Most often, historical monuments tell us the stories of men, power and war. The Stepwells of Gujarat offer a refreshing alternative to this paradigm for they tell the tales of women, water and life, writes Mallika Iyer
Stepwells (known as vavs) are a familiar feature in the landscape of Gujarat. They differ from ordinary wells in that they have steps leading down from the ground to the water-level. Water is not drawn by rope but by descending the steps of the multi-storied structure. But most of all, unlike ordinary wells, they are a world unto themselves and a revelation for a visitor.
Water and Women
Water, being a basic need, has often been venerated for its life-giving properties. The act of providing water is associated with earning merit. More so, in a land with scanty rainfall and an arid landscape, building a well was seen as an act deserving great merit. In this context, water also came to bear a close association with fertility as it was responsible for the growth of crops and cattle.
Women too have a deep association with water for somehow, the duty of collecting water has over the centuries been relegated to them. Even today, women and girls often spend hours each day, walking to and collecting water.
Stepwells were the spaces where the world of women and water converged. It was a space that women could visit freely, not just to collect water but also for socialising and recreation. Secluded below the surface and away from the male gaze, women could gather and be themselves. Friends could meet and chat. Girls could sing and dance. Inhibitions could melt away.
Perhaps in the modern age, serviced with piped water and water pumps, it is difficult to understand their significance, but during medieval times, these wells were a great blessing for people, particularly for women. “Stepwells are a window into the lives of ordinary women. One can imagine the kind of lives they led, the deities they worshipped, the beliefs they held by observing the architecture of these vavs,” explains Shilpa Chedda, visiting faculty at Mumbai University and curator at Heras Centre of St Xavier’s College, Mumbai.
It comes as no surprise therefore that more than a fifth of these wells were commissioned by women. From queens to wives of rich merchants, courtesans to servant girls – women had a large role to play in the construction of stepwells in Gujarat.
The Queen’s Stepwell
One of the most spectacular of these wells is the Rani ni vav or the Queen’s Well in Patan, which has been granted the status of an UNESCO World Heritage site for its sheer beauty and grandeur. It is said to have been built by Queen Udaimati, wife of Raja Bhima Dev in the 11th century AD and is the most ornately decorated well in the world.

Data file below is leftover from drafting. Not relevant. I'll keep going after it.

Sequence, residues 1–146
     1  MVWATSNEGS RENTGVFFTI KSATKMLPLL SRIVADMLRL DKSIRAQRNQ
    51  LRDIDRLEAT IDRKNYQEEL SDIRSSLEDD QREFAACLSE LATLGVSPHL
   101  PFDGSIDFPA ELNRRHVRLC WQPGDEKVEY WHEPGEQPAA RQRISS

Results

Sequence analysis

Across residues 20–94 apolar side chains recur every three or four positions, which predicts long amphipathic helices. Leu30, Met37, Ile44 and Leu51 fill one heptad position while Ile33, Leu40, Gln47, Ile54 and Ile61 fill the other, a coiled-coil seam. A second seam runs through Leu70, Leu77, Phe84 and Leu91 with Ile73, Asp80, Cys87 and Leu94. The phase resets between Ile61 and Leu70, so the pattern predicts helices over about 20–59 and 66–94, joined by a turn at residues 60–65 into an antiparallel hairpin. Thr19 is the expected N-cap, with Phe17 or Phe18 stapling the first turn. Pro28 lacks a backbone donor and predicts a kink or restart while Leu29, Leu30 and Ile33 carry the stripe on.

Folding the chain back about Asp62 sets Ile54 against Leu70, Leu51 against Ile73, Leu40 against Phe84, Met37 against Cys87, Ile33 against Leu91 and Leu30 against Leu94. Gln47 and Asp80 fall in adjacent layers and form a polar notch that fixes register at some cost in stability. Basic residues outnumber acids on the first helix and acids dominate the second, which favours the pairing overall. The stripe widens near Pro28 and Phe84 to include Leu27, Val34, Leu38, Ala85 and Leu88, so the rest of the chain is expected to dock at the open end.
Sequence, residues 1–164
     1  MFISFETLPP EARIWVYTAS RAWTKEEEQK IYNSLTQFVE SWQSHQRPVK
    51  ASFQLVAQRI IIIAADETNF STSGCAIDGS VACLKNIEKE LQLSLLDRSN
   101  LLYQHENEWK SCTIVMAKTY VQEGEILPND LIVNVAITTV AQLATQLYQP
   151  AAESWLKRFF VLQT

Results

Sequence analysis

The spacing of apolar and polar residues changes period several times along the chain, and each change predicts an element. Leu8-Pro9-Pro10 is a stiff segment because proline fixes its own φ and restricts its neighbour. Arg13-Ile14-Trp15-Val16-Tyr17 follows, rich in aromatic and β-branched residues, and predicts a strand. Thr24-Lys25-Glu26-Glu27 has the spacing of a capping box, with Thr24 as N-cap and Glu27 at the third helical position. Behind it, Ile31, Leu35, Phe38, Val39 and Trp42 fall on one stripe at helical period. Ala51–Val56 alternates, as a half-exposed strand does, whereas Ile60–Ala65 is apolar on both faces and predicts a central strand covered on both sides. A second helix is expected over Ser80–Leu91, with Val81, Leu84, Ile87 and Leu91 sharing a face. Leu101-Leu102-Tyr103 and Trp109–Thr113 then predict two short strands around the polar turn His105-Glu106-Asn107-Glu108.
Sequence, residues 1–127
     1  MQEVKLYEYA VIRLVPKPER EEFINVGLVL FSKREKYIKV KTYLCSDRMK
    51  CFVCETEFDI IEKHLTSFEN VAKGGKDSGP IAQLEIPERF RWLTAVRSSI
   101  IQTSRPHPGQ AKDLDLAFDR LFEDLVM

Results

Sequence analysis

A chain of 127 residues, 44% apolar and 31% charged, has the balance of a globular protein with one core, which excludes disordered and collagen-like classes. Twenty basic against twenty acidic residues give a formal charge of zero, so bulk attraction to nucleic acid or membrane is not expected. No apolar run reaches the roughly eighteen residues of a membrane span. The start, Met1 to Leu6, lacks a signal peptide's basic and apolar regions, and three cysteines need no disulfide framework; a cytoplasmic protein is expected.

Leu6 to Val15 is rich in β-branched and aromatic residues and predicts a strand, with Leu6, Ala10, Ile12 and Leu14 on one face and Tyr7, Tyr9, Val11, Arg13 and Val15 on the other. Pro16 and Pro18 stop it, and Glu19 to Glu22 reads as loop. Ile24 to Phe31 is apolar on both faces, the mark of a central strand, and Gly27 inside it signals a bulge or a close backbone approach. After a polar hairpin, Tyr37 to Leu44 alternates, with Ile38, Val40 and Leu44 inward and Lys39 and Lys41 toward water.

Profusely carved and sculpted, images of 200 apsaras or celestial nymphs abound on its walls. As one descends its steps, one can see Anjana adorning her eyes with kohl and Nupura, slipping on an anklet. The Darpana-Sundari admires her reflection in the mirror as the Karna-Sundari puts on her earrings. The Kapura-sundari dries her long-flowing hair even as the Aalas-Kanya lazily stretches her curvaceous body. Each of these sculptures has been carved to perfection, revealing a high level of aesthetic and artistic skill of the craftsman.
Images of kirtimukhas are found on the steps to ward off the evil eye along with the kshetrapala or the guardian deity who protects the well. Latikas (creepers) add a decorative element while the geometric shapes of the patolagive it a distinctly local feel. Shaded pavilions offer a weary traveller a place to rest, away from the scorching rays of the sun.
Gods and goddesses, demi gods and deities, water nymphs and celestial musicians – they all make a striking appearance as one descends the steps. In the centre, Vishnu reclines in his Shesha-naag position after having sustained and provided for the world.
While there are many step wells in Gujarat, the Rani-ni-Vav is noteworthy for its intricate sculpture-work and deserves to be included in any travel itinerary to the state. (The only travel tip is to avoid wearing yellow, for the colour seems to be a magnet for local insects).
The Adalaj-ni-vav on the outskirts of Ahmedabad, also sees a large footfall every year. Not as ornately carved as Rani ni vav, it is nevertheless a unique site. Another smaller yet beautifully carved well is the Dada Hari-ni-vav within the city of Ahmedabad. The temple tank of Modhera Sun Temple, though not strictly a step well, offers a spectacular visual in the geometric patterns of its steps. Across Gujarat, there are dozens of stepwells, built to honour local deities such as Bhavani, Sindhwai, Bhadrakali and Sitala, a large number of them constructed during the reign of the Solankis (922-1255 CE).
Credit for the perfection in the architecture and sculpture of these wells goes to the Somparas i.e. the hereditary craftsmen /masons who worked according to the canonical texts of construction namely the Shilpa Shastras and the Vapi Shilpa Shastra in particular, a text dealing specifically with the construction of stepwells. The wells that were constructed during the Islamic period, contain geometric designs and motifs, in line with Islamic and Persian influences.
Moved by their beauty, Sir John Marshall, the Director of the Archaeological Survey of India once said, “There are no other wells in the world that structurally and decoratively can compare with these stepwells of Western India, and it was because their builders were content to keep the established traditions of the country that they were able to attain such perfection.”
Seldom are historical monuments testimonies to a perfect union of Functional Utility and Aesthetic Beauty. Until one stumbles upon the spectacular Stepwells of Gujarat.